Effects of Medicines on Bones

A medical treatment that is highly destructive to the skeleton is seizure treatment.  Seizures are an electrical phenomenon of the brain and virtually every medication, including Dilantin and Tegretol, used to treat seizures destroy the skeleton over time.

If I had my way I would aggressively treat the skeleton of every patient receiving anti-seizure medications, but sadly this is not on the radar screen of neurologists. They are focused on stopping further seizures. There is also evidence that long-term use of steroids and of many stomach medications that contain omeprazole such as Prilosec and Zegreid and other H2 blockers such as Pepcid, Tagamet and Zantac can have minor effects on bone density.

Opinion pendulums swing fairly dramatically in the world of medicine, for hormone replacement therapy (HRT) and then against it, for sun exposure and then against it and then for it again. Both HRT and sun are good for bones. It is a mistake to think that science only moves forward.

There are significant regressions and many times major treatments and thinking take decades to be identified and corrected.  One must always question the motivation of those putting forward absolutes that may involve an unseen profit or simply be “‘silo” thinking.

The truth is that there is a lot of soft bone out there that is going to become a significant health risk as we all age. There is no quick fix to undo 60 or 70 years of bone resorption.

Certainly, there is no panacea in calcium and vitamin D therapy.  Fosamax, Boniva and Evista are all Bis Phosphanates and do temporarily seemed to halt bone resorption but can be associated with a whole new category of long bone fractures.  Hormone therapies such as calcitonin are helpful.  Intravenous treatment with medications like Reclast have great promise.  None of these therapies are successful without adequate calcium and vitamin D.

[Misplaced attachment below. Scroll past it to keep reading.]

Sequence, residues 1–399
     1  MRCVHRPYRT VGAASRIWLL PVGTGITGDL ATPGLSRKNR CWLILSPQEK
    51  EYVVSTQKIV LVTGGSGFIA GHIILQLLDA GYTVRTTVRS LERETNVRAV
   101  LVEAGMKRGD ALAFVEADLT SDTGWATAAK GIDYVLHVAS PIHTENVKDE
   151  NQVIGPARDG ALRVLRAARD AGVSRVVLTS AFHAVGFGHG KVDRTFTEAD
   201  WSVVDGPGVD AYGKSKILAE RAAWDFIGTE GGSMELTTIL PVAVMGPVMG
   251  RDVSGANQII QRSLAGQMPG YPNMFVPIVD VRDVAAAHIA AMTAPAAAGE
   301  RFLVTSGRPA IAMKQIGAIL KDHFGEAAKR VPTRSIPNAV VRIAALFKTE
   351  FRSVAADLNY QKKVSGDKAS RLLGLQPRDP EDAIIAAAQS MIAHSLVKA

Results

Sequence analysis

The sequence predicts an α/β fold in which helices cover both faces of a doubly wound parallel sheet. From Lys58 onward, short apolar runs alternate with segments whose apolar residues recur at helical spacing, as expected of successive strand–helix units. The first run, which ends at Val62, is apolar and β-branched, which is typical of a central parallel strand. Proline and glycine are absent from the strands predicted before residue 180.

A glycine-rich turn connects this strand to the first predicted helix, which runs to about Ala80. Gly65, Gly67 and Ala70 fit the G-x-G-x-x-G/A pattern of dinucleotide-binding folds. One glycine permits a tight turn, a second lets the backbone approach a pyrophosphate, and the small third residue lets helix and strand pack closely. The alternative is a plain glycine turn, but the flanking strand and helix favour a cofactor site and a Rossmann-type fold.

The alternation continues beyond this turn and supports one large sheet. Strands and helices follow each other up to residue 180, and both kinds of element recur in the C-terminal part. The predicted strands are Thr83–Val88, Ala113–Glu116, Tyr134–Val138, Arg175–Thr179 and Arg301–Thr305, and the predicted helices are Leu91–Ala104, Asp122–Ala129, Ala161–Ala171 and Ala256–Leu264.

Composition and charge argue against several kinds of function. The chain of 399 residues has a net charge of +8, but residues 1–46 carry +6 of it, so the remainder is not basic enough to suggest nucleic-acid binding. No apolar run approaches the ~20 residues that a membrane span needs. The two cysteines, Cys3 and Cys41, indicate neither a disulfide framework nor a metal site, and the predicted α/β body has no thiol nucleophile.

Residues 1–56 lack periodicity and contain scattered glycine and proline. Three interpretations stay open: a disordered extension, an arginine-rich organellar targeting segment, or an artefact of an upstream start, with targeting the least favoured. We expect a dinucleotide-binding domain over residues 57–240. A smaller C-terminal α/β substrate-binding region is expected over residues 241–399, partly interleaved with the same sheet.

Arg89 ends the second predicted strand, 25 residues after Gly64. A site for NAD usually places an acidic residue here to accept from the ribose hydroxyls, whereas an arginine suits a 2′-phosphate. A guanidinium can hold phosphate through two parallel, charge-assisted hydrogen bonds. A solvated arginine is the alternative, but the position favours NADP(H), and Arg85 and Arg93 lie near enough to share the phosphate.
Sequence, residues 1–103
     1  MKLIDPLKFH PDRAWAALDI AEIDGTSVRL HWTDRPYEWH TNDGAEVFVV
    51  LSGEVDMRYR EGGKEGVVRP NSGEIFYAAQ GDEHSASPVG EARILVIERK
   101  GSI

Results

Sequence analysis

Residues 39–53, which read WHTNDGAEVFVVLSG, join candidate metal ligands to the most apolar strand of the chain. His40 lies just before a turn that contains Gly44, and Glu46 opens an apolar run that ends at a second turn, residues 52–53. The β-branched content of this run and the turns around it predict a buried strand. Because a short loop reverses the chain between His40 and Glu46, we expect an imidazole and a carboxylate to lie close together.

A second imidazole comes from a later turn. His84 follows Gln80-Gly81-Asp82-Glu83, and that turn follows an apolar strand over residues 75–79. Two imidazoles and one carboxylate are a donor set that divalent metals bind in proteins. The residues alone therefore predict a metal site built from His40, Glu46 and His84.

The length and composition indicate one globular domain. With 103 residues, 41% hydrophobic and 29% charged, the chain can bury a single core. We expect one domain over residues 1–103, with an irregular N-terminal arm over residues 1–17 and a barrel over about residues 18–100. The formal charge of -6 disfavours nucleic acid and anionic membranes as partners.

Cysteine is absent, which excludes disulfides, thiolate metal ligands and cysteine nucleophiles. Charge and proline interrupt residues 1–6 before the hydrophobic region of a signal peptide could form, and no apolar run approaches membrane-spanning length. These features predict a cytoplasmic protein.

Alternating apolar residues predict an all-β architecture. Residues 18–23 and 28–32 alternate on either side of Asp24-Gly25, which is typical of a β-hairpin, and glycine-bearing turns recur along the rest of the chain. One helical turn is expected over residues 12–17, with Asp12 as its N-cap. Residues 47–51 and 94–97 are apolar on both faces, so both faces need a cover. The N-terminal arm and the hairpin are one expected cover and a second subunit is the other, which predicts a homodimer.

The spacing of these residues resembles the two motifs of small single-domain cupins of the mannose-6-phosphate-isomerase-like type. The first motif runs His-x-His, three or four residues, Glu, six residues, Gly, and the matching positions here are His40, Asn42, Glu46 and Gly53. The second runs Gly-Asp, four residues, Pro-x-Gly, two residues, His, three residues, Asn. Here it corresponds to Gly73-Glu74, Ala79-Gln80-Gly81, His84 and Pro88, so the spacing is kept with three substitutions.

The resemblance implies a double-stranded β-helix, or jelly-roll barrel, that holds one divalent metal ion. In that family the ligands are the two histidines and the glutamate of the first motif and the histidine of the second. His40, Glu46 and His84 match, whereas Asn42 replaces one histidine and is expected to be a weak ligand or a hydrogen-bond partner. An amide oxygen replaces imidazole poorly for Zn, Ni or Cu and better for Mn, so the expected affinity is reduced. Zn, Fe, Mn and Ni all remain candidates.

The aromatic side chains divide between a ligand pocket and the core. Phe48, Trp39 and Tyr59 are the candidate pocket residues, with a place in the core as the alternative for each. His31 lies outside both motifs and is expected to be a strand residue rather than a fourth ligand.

Without a doubt increasing weight bearing activity is the best treatment available.  Bone grows along the axis of weight bearing, which is defined by Wolff’s Law. Julius Wolff was a German surgeon in the 19th century who found that bone in a healthy person will become stronger and denser in response to stress. This is so clear that we can actually apply an electrical signal to long bones and cause them to grow.  This was discovered by measuring the electrical signal around bones that had weight applied to them and noticing an inductance signal.  By reversing the process, we can actually induce bone growth.  Since bone is a naturally replenishing living organ in the body, we are able to modify the mix of bone turnover, production and resorption.